Whether or not you should be mixing in mono is something that we have talked about before, and that always seems to be a question that comes up. When I interview some of the greatest mixers in the industry, like Bob Clearmountain, they all say that they may check something in mono, if they are unsure about the phase, but they never mix in mono.
So why is there so much discussion about mixing in mono?
One of the main arguments for mixing in mono is to get the balances right. I would agree with this, but it is important to keep in mind that if you are taking things that are creating stereo width, like the ambience, they will be folded underneath significantly. Part of the reason we work in stereo is to do things that don’t work in mono, such as throwing ambience out to the left and right.
Another benefit of working in mono would be where you are using widening plugins and creating phase issues. I use these very sparingly – maybe just on a synth pad or something that feels super mono to widen it up a bit – but if you are going to use them, you may run into phase issues, and listening in mono can help you detect these.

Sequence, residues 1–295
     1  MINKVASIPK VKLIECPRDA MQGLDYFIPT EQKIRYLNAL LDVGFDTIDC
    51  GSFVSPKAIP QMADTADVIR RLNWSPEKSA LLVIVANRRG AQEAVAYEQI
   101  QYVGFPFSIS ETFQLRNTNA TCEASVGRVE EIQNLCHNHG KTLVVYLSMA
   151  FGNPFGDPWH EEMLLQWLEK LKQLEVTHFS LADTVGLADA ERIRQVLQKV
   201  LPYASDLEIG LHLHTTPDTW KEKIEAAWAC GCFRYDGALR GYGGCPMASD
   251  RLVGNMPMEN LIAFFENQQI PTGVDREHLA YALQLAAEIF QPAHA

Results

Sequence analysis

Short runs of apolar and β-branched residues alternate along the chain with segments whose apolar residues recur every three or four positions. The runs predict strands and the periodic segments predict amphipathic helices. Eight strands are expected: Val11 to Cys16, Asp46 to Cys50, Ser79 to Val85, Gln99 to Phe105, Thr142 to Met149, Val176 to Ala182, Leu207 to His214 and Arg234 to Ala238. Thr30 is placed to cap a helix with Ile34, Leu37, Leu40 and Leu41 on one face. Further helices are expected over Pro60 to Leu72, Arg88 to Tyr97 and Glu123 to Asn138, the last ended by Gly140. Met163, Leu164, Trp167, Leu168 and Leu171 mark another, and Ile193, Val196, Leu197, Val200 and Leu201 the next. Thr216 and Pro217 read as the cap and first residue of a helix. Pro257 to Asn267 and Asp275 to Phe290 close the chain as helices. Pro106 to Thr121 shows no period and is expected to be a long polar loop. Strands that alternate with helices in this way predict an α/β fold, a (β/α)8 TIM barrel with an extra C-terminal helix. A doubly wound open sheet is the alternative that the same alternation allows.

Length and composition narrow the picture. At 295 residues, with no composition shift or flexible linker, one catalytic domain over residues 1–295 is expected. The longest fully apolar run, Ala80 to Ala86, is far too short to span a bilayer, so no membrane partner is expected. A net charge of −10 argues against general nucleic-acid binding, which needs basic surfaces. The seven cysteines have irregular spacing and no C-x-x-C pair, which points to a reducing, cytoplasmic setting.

Just as important as listening in mono, though, is listening to one side at a time. You can hear exactly where things are sitting in the mix, and adjust them if they are not quite where you want them.
The main reason Bob Clearmountain and the other legendary mixers I have interviewed say they don’t mix in mono is because they have decades of experience that allows them to hear phase issues in a stereo signal.
Mixing and listening in mono is a great tool to have as you develop you ear and your skills because it helps you detect issues you may not have noticed in stereo. You want your mix to sound good in stereo, of course, but mixing in mono is an amazing way to find phase or polarity issues that are difficult to hear in stereo!
Watch the video below to learn more about mixing in mono vs stereo!